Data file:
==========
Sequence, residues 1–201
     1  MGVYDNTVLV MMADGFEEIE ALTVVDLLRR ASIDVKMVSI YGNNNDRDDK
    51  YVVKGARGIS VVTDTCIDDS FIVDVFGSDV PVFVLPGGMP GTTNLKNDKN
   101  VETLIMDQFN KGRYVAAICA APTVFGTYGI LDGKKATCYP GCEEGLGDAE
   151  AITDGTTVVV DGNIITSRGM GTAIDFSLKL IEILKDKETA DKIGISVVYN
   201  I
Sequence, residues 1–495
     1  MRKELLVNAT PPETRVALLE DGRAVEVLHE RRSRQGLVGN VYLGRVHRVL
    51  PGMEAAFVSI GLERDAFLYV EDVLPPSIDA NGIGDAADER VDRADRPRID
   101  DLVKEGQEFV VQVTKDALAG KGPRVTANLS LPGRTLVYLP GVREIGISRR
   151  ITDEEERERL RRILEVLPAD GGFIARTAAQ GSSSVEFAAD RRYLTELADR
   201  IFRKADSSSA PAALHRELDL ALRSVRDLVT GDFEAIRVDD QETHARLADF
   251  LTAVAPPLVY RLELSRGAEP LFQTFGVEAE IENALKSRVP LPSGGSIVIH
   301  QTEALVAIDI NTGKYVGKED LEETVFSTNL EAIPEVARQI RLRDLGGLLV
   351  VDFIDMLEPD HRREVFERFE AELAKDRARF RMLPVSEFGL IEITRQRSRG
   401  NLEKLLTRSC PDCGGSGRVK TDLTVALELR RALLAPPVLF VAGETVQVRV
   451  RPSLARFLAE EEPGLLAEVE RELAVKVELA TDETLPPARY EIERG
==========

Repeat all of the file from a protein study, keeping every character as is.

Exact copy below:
Sequence, residues 1–201
     1  MGVYDNTVLV MMADGFEEIE ALTVVDLLRR ASIDVKMVSI YGNNNDRDDK
    51  YVVKGARGIS VVTDTCIDDS FIVDVFGSDV PVFVLPGGMP GTTNLKNDKN
   101  VETLIMDQFN KGRYVAAICA APTVFGTYGI LDGKKATCYP GCEEGLGDAE
   151  AITDGTTVVV DGNIITSRGM GTAIDFSLKL IEILKDKETA DKIGISVVYN
   201  I
Sequence, residues 1–495
     1  MRKELLVNAT PPETRVALLE DGRAVEVLHE RRSRQGLVGN VYLGRVHRVL
    51  PGMEAAFVSI GLERDAFLYV EDVLPPSIDA NGIGDAADER VDRADRPRID
   101  DLVKEGQEFV VQVTKDALAG KGPRVTANLS LPGRTLVYLP GVREIGISRR
   151  ITDEEERERL RRILEVLPAD GGFIARTAAQ GSSSVEFAAD RRYLTELADR
   201  IFRKADSSSA PAALHRELDL ALRSVRDLVT GDFEAIRVDD QETHARLADF
   251  LTAVAPPLVY RLELSRGAEP LFQTFGVEAE IENALKSRVP LPSGGSIVIH
   301  QTEALVAIDI NTGKYVGKED LEETVFSTNL EAIPEVARQI RLRDLGGLLV
   351  VDFIDMLEPD HRREVFERFE AELAKDRARF RMLPVSEFGL IEITRQRSRG
   401  NLEKLLTRSC PDCGGSGRVK TDLTVALELR RALLAPPVLF VAGETVQVRV
   451  RPSLARFLAE EEPGLLAEVE RELAVKVELA TDETLPPARY EIERG